Serbia, Carefully select projects for capital investment

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At the time of the energy crisis and in a situation when inflation and interest rates are rising, the best advice that the International Monetary Fund (IMF) can offer to all countries, including Serbia, is to continue to “tighten the belt” and fill the fiscal “reservoirs” , she said today at At the Belgrade Economic Forum, the head of the IMF’s Belgrade office, Julija Ustjugova, who, together with the participants of the “Strategies for financing economic growth” panel, discussed how to consolidate state finances and not jeopardize economic growth.

Ustyugova reminded of IMF forecasts that the GDP growth of developed European countries will fall from 3.2 percent this year to 0.6 percent in 2023, as well as that many members of the EU and the Eurozone will face recession.

“A sharp decline is also expected in developing countries, from an average of 4.6 percent this year to below two percent in 2023.” That is why we expect that the economic growth of Serbia next year will be lower than in 2022,” said Ustjugova, but she also emphasized that the IMF, when it comes to fiscal policy, advises further “belt tightening”.

How to implement fiscal consolidation, while still supporting economic growth?” The answer lies in the careful selection of capital investments . Discussions are underway on the new budget of Serbia, which plans 6.8 percent of GDP for these purposes. On average, capital investments in OECD countries amount to three to four percent of GDP. Therefore, the Serbian allocation of funds is solid, but what is important is to choose the right priorities on which that money will be spent,” Ustyugova stressed.

According to her, when choosing projects, one should not only keep in mind the provision of growth in the short term, but should support those that will attract private investments, and she cited energy security as an example of such investments.

“We believe that fiscal policy has an important role when it comes to mitigating the crisis of the rising cost of living, but it must be done in a more efficient way, by refraining from measures that are too broadly focused, which are unsustainable, expensive and support the growth of inflation,” she pointed out. Ustyugov.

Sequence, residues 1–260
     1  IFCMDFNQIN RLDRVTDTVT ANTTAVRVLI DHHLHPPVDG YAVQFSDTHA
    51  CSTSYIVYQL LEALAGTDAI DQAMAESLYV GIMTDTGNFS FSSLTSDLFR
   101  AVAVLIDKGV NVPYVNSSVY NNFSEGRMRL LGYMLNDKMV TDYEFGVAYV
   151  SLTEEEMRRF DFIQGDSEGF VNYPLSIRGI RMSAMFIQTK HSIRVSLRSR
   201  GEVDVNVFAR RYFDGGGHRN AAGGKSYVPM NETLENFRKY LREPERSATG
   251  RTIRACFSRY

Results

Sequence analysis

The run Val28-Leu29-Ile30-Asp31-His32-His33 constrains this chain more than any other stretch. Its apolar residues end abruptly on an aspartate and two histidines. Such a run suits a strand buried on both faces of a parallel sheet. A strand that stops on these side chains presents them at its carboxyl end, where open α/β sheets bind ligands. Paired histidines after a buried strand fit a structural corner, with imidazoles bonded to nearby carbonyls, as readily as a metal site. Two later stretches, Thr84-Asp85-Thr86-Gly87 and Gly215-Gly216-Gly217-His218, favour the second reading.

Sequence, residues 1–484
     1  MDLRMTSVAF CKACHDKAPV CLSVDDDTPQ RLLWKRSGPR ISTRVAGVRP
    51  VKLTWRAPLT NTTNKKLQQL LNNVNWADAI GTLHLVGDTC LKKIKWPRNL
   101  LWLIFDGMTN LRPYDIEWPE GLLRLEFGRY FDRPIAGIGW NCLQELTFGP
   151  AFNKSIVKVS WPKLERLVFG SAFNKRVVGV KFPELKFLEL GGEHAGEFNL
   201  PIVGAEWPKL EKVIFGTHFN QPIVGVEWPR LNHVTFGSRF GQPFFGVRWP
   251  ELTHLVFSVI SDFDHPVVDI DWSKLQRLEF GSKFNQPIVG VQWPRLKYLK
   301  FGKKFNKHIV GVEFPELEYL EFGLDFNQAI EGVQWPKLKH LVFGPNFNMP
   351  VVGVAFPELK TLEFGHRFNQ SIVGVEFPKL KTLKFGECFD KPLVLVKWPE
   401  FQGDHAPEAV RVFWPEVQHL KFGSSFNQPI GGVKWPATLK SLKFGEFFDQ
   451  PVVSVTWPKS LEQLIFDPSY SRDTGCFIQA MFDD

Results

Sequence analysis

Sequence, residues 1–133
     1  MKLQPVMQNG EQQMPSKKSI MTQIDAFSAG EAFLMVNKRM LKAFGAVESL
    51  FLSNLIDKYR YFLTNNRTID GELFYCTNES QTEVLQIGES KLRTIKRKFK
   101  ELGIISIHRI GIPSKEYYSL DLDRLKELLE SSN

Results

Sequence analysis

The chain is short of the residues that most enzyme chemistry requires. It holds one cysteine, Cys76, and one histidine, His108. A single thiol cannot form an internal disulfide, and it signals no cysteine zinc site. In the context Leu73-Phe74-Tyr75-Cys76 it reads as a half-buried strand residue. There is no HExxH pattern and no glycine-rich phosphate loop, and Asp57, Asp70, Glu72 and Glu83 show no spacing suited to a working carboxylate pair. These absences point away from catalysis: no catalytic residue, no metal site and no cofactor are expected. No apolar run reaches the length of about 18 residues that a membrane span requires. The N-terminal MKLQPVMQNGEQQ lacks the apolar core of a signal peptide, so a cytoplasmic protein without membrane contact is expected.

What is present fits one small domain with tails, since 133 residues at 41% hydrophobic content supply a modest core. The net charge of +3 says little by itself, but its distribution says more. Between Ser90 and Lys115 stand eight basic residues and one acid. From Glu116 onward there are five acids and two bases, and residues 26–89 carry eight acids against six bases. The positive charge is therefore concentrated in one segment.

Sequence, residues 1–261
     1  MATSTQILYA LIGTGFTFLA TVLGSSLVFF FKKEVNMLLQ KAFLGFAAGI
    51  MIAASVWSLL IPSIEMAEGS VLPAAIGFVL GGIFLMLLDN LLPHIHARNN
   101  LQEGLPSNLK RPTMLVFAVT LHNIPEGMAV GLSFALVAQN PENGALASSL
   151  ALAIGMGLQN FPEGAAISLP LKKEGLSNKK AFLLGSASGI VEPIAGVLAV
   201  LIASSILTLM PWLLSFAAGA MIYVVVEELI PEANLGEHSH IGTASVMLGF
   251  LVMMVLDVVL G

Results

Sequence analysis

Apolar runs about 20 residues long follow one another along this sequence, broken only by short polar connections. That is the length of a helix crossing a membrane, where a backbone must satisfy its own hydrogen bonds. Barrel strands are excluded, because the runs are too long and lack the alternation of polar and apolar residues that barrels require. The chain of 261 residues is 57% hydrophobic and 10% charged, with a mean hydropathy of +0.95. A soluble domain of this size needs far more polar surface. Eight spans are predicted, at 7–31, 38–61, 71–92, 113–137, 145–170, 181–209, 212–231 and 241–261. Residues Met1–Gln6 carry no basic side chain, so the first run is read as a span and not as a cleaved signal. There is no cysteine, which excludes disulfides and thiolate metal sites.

She stated that the executive board of the International Monetary Fund will make a decision on concluding a stand-by arrangement with Serbia worth 2.4 billion euros on December 19.

“The philosophy of the arrangement is in accordance with the advice of the IMF, which reads – build ‘buffers’ and continue with belt tightening,” said Ustyugova.

The President of the Council of Governors, Nebojša Savić, also participated in the panel “Strategies for financing economic growth”, who believes that it is crucial for Serbia at this stage of development to increase productivity.

“Our strategy should be such that we go for investments that bring as much added value as possible.” If we are significant producers of plums and raspberries, why don’t we have processing? So, I think we should invest in high-quality food processing, the IT sector and the ‘green economy’. Digital and green – that’s what we should be dealing with,” concluded Savić.

The member of the Fiscal Council, Nikola Altiparmakov, assessed that it is possible to continue with large public spending on investments, and not endanger the stability of the budget, but that this requires a responsible approach.

One of the messages of the Fiscal Council is to pay more attention to the structure of public investments. Therefore, we have to assess whether 200 million euros or 400 to 500 million euros should be spent on environmental protection, as we recommended in the analysis. “Should the national stadium be built or should it be diverted to environmental protection or other infrastructural needs,” Altiparmakov said.

Member of the Executive Board of Eurobank Direktna banka Milan Vićentić drew attention to the fact that in the past three quarters, commercial banks have injected 1.5 billion euros into the economy through loans and guarantee lines, and in 90 percent of cases, private companies.

“When it comes to inflation and interest, unlike the 2008 crisis, the banking system is far more prepared and organized.” The level of NPL loans is well below five percent, and we are closely monitoring whether inflation will reach the ceiling and whether there are indications that the share of NPLs will increase, because the price of money depends on it. The good news is that the growth of the share of NPLs is not happening at the moment, and there are no indications that it will happen ,” Vićentić said.

The Belgrade Economic Forum is being held for the 22nd time, and is dedicated to the analysis of key political, economic and business events in the coming year, Biznis writes.

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